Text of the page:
Boeing 747: The second coming

The Boeing 747-400 was heading towards worldwide retirement pre Covid-19. But thanks to an increase in cargo and freight, we are seeing a resurgence. Here we investigate the rise, fall and rise-again of the 747, and what this means for pilot recruitment.

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Boeing 747: The Second Coming

The Boeing 747-400 was heading towards worldwide retirement pre Covid-19. But thanks to an increase in cargo and freight, we are seeing a resurgence for the so-called Queen of the skies. We investigate the rise, fall and rise-again of the 747-400, and what this means for pilot recruitment.

The Rise and Fall

The B747, known commonly as the jumbo jet, is one of the most recognisable and loved aircrafts ever made, selling 1571 in various versions since 1970. The first version launched was the 747-100, taking its first flight on February 9th, 1969. With a capacity 2.5 times larger than the Boeing 707, the 747 had a big impact on ticket prices, allowing airlines to spread the costs among more passengers, thus lowering the price and opening flying to a wider variety of people.

However, it was not until 1971, when the 747-200 was developed, that the real potential of the aircraft was discovered. The 747-200 launched offering higher-powered engines, improving the range and payload of the 747-100. Crucially, this aircraft introduced the option to be used for cargo, passenger, or mixed-use.

The bestselling variant of the Boeing 747 was the 747-400, with 694 aircraft delivered. It has continued to build on the dual passenger/cargo capabilities success of its predecessors. The 747 has seen service with many of the top airlines globally, with Japan Airline and British Airways being the largest operators.

The 747 was designed to carry large numbers of passengers over a long distance. It did this well, but today other aircrafts can do the same. For a long time, the 747 was the most sold of all widebodies, until March 2018, when it was replaced by the Boeing 777. Twin aircrafts have improved significantly in both power and safety and are now taking over from heavy four engine options like the Boeing 747. The retirement of 747 fleets has been happening now for many years. Improvements in twins and the associated inefficiency and higher cost of operating four engines have led to their gradual demise.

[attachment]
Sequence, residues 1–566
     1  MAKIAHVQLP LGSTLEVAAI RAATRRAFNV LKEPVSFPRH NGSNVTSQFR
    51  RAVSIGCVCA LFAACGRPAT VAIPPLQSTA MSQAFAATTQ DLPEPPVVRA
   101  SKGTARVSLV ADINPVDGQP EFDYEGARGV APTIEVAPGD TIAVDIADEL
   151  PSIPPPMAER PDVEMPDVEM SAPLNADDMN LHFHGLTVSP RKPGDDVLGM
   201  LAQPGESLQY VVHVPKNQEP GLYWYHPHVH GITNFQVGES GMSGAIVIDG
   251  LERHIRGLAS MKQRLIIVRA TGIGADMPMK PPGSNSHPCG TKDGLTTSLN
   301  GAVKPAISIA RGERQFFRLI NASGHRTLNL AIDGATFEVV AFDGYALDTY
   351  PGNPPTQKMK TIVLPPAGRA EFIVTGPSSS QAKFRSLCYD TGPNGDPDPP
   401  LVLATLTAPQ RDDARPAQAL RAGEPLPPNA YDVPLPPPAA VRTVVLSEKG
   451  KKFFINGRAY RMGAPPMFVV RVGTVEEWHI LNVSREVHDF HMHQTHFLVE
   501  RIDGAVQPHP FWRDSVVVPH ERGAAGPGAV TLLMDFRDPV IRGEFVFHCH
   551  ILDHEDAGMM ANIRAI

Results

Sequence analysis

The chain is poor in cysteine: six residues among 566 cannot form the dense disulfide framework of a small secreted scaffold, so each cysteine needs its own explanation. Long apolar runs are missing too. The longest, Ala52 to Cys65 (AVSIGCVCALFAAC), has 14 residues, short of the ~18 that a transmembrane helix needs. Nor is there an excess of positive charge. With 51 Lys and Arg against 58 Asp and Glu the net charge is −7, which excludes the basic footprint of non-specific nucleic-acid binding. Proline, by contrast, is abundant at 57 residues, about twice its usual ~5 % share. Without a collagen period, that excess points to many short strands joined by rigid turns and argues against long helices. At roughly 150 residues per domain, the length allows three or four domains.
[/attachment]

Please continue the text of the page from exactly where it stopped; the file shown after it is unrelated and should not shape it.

The Queen of the Skies makes a comeback

The 747 continues in production with the 747-8. Boeing, however, announced in July that production will end when the final orders are complete. These are now all for freighter versions, with all passenger orders delivered. And it is within the world of cargo and freight that we are seeing a resurgence in the B747-400; driven mostly by the Covid 19 pandemic there has been a huge increase in demand for cargo and therefore the 747-400.

Despite the easing of lockdowns starting in May, e-commerce growth and the strength of manufacturing activity helped air cargo to rapidly recover as the year progressed. In recognition of this, airlines saw the benefits in bringing aircrafts such as the 747 out of retirement and using them for cargo. An example of this is Lufthansa, who were one of the first airlines to use passenger aircraft to carry freight in the cabin. This continued when the airline became one of the first to remove seating in the cabin to increase capacity. With passenger numbers down by 96%, Lufthansa already had more than enough aircraft to cope, so there was no need to spend on new aircrafts.

China Airlines followed along, operating a large fleet of 18 B747-400Fs and three B777Fs . The Taiwanese flag carrier said that it realised it could tap into its strength in the cargo market, and so decided it would “leverage the cargo capacity” on all 18 Boeing 747-400 freighters to “capture market share” and remain profitable amid falling fuel prices, which resulted in nearly 90% of the carrier’s revenue from the three months ended June 30, 2020, coming from cargo.

What does this mean for pilots?

As the 747-400 experts, AeroProfessional have naturally been the first-choice recruitment agency for these hard-to-find pilots. So much so we have seen a 400% increase in clients who need to recruit for type rated pilots, and we anticipate that this demand will only increase as more airlines focus on cargo opportunities. If you would like to speak to AeroProfessional about sourcing 747-400 pilots for your business then please contact the team here. Alternatively, if you are a Boeing 747-400 pilot looking for a new role then please check our current job listings here or register with us to receive updates by clicking here.

If you are a B747 pilot why not join our B747 Facebook group at https://www.facebook.com/groups/1900462516792366/ to get our latest updates.

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